As the COVID-19 vaccine rollouts gain momentum, ECFC and our early childhood partners are concerned with the prioritization of and access to the vaccine for early childhood educators/child care providers. Among the early challenges we know EC/child care providers were facing:
- Lack of specific guidance vaccination plans for the ECE/child care sector, with each state responsible for determining its plan.
- Lack of clarify/unclear definitions of “child care providers” to include all delivery settings (such as Child Care Resource & Referral agencies; licensed and unlicensed exempt care; family, friend and neighbor care).
- Daunting logistics involved in finding and getting the vaccine: determining eligibility, hours on the phone or online to register for a vaccine, distance and transportation to vaccination sites. For home and family based child care providers the time and access challenges are especially challenging, as they may be the sole provider at their site.
- The time needed to navigate the vaccine process, or feeling ill after receiving the vaccine, could mean lost wages if providers can’t find a substitute or can’t work or have to close their program on some days (this could also mean lost wages for the families they serve in absence of child care).
Roles for Philanthropy
ECFC hosted a discussion in February 2021 with the National Association for the Education of Young Children, Child Care Aware of America, and National Association of Family Child Care to discuss national efforts to prioritize early childhood educators and child care workers for the COVID vaccine, and opportunities for philanthropy to support these efforts in their communities. Key roles for philanthropy discussed on our February 4th call (and emerging as the vaccine roles out) include: Connecting, convening and supporting trusted partners and navigators to help navigate community needs, deliver messaging, and assist child care providers through the vaccine process; Supporting local education efforts. Read highlights from our discussion regarding these roles for philanthropy.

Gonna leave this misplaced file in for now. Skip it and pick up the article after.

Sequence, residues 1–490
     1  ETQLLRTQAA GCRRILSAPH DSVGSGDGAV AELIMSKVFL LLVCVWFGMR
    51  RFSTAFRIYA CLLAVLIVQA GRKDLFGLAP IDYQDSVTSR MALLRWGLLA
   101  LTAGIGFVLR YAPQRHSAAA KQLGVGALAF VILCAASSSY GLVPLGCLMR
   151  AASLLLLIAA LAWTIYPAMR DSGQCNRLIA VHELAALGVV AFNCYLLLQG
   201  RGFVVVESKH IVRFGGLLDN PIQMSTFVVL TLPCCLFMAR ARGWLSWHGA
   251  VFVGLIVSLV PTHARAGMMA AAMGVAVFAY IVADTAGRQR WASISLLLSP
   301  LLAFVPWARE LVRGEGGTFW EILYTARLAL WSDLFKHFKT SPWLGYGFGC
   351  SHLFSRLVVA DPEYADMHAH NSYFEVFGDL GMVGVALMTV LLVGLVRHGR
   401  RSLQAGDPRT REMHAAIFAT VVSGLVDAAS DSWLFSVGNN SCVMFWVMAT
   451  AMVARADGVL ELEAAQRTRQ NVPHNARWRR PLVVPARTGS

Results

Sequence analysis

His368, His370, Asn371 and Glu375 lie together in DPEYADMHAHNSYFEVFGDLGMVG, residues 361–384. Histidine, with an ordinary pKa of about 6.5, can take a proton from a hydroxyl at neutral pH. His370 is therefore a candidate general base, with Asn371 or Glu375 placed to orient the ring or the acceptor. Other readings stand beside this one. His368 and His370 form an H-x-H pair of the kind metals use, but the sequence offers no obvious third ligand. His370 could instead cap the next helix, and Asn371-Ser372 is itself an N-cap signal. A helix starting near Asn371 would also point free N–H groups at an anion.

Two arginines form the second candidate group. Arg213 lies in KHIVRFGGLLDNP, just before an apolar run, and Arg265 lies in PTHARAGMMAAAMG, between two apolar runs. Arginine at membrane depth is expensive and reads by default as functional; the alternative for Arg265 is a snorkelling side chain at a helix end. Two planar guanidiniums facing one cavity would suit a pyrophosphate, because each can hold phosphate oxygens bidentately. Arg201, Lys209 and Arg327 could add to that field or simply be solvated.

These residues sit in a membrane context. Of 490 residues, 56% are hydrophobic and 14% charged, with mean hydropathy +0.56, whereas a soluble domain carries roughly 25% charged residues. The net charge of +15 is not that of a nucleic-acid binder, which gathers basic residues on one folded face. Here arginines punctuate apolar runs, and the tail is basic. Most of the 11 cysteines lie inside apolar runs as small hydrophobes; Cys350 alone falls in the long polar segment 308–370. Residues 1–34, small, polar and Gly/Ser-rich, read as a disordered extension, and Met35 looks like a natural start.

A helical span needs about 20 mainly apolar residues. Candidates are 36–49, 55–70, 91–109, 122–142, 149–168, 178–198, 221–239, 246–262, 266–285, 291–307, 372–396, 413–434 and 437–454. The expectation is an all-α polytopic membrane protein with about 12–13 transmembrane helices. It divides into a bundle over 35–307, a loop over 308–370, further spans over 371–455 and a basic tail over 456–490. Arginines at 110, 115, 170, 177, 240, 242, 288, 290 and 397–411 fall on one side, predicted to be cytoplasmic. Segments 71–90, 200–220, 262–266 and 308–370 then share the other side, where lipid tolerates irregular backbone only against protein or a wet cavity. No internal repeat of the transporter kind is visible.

Examples of Philanthropy Supported Vaccine Efforts
- Home Grown (funders collaborative on home-based child care) and the National Association for Family Child Care developed a social media toolkit for messaging cohesive messaging for provider advocates and their networks to reach out to state policymakers about home-based child care provider access to COVID-19 vaccine.
- “The Conversation: Between Us, About Us” is a campaign to provide Black communities with credible information about the COVID-19 vaccines co-developed by Kaiser Family Foundation and the Black Coalition Against COVID. Black doctors, nurses and researchers dispel misinformation and provide accessible facts through FAQ videos that deliver the information Black people are asking for about the COVID-19 vaccines.
- Independence Blue Cross Foundation provided a grant to the Children’s Hospital of Philadelphia (CHOP) Foundation to support a vaccination program of education and child care personnel. Grant funds will be used for a portion of vaccine program related operating expenses and administrative costs.
- The Boston Foundation launched a Vaccine Resource Map with links for locations, including eligibility information, and informational campaigns and materials in Massachusetts.
- The Kresge Foundation supports the National Council of Urban Indian Health (NCUIH) to the support and development of quality, accessible, and culturally competent health services for American Indians and Alaskan Natives (AI/Ans) living in cities. To support vaccine confidence among AI/AN, the Council launched the #BeAGoodRelative campaign to increase vaccine participation among urban AI/AN. The campaign utilizes a toolkit full of fun swag for urban AI/AN that includes masks, stickers, and fliers for UIOs to distribute as community members receive the COVID-19 vaccine. To find out more and download the toolkit, follow NCUIH on Twitter, Facebook or YouTube.
- How Philanthropy Can Support Equitable Vaccine Distributions, Social Innovation Review, Feb 17 2021, discusses four ways philanthropy can effectively partner with governments to support equitable vaccination distribution and ensure that more individuals are vaccinated against COVID-19, and provides specific examples of these types of partnership in California.